“We’re really excited to keep it rolling,” Hurley said. “We’re ready for anybody.”
Washington Academy (16-1 in 2022)
Coached with an emphasis on defense, and under a philosophy of fostering intelligence and competence, Washington Academy has been a longtime force in Class C boys’ soccer.
Outscoring opponents 142-25 last season, and with fresh leadership in assistant coach-turned head coach Dave Whitney, the Raiders are poised for another great campaign this fall.
“The future looks bright for Washington Academy soccer,” Whitney said. “We’re like a locomotive. We’re going to continue to improve as the season goes on.”
On the pitch, the Raiders will be led by attacking midfielder Unai Reino, striker Coleton Whitney, stopper Mikey Taylor and sweeper Zaedyn Philpot. But Whitney ultimately believes in everyone on the team.
“I have a player-centric approach to coaching,” Whitney said. “I try to relate to, discipline and build them up … to give them the experiences and ammunition to think for themselves on the field.”
This philosophy translates to a defensive, “professional” style of play. With four backs in a diamond formation, the Raiders try to cushion and then quickly disrupt their opponents’ attacks, creating offensive opportunities in transition.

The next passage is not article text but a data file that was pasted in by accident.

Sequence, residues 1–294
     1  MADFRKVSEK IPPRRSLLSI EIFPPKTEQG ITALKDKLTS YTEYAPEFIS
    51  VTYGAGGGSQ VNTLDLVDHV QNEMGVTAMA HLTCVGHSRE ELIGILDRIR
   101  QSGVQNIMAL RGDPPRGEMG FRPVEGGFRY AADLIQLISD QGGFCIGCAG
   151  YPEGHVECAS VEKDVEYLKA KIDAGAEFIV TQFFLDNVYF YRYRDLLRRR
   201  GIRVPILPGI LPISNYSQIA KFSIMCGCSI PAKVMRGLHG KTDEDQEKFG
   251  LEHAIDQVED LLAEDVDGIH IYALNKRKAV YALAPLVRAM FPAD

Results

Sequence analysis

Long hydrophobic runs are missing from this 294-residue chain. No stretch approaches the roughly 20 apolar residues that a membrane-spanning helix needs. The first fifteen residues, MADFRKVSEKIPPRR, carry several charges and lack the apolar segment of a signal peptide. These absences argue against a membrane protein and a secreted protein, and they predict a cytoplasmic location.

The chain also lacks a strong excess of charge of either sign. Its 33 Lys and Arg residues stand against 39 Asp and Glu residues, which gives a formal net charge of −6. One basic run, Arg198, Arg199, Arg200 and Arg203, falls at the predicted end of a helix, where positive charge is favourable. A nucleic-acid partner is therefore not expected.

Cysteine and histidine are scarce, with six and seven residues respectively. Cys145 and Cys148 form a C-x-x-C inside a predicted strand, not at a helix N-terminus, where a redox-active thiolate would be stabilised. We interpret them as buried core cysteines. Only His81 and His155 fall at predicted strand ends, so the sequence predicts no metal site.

“Attacking defensively,” Whitney calls it.
Washington Academy will approach this season with its eye on Fort Kent. The Raiders had their undefeated season cut short by Fort Kent in the Class C North regional final last year, and lost a rematch with the Warriors this past week, 3-0.
But Washington Academy will have another crack at them later this month, on the 22nd.
“Up in The County, their season starts two weeks earlier than ours,” Whitney said. “We gassed out; we will be a much better matchup our next outing. We can and will beat them.”
Corrections: A previous version misstated the class year of Ellsworth’s Cruz Coffin, misidentified Ellsworth’s All-Conference First Team center back Owen Frank and misidentified Camden Hills’ Charlie Pons.